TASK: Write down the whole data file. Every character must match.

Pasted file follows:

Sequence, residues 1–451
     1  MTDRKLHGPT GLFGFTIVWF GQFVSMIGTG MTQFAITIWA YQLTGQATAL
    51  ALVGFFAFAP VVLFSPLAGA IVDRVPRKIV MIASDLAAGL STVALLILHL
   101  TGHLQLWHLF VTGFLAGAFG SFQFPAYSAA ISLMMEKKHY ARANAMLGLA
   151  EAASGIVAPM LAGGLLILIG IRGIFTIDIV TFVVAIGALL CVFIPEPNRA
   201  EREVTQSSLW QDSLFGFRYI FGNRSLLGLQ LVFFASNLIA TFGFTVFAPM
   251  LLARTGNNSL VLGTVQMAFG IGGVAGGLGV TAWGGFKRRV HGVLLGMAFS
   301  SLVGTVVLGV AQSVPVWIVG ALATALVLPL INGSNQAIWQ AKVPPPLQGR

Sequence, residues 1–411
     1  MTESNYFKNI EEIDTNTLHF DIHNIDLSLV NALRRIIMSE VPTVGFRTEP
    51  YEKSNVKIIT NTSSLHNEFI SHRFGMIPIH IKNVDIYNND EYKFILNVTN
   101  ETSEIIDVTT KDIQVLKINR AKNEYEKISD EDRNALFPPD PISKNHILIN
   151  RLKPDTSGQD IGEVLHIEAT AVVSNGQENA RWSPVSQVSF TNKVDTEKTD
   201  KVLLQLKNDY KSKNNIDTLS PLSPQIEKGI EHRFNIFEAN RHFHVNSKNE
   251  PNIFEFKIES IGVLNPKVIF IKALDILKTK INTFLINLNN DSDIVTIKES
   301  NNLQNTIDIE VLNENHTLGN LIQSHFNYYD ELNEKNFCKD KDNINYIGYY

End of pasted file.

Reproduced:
Sequence, residues 1–451
     1  MTDRKLHGPT GLFGFTIVWF GQFVSMIGTG MTQFAITIWA YQLTGQATAL
    51  ALVGFFAFAP VVLFSPLAGA IVDRVPRKIV MIASDLAAGL STVALLILHL
   101  TGHLQLWHLF VTGFLAGAFG SFQFPAYSAA ISLMMEKKHY ARANAMLGLA
   151  EAASGIVAPM LAGGLLILIG IRGIFTIDIV TFVVAIGALL CVFIPEPNRA
   201  EREVTQSSLW QDSLFGFRYI FGNRSLLGLQ LVFFASNLIA TFGFTVFAPM
   251  LLARTGNNSL VLGTVQMAFG IGGVAGGLGV TAWGGFKRRV HGVLLGMAFS
   301  SLVGTVVLGV AQSVPVWIVG ALATALVLPL INGSNQAIWQ AKVPPPLQGR

Sequence, residues 1–411
     1  MTESNYFKNI EEIDTNTLHF DIHNIDLSLV NALRRIIMSE VPTVGFRTEP
    51  YEKSNVKIIT NTSSLHNEFI SHRFGMIPIH IKNVDIYNND EYKFILNVTN
   101  ETSEIIDVTT KDIQVLKINR AKNEYEKISD EDRNALFPPD PISKNHILIN
   151  RLKPDTSGQD IGEVLHIEAT AVVSNGQENA RWSPVSQVSF TNKVDTEKTD
   201  KVLLQLKNDY KSKNNIDTLS PLSPQIEKGI EHRFNIFEAN RHFHVNSKNE
   251  PNIFEFKIES IGVLNPKVIF IKALDILKTK INTFLINLNN DSDIVTIKES
   301  NNLQNTIDIE VLNENHTLGN LIQSHFNYYD ELNEKNFCKD KDNINYIGYY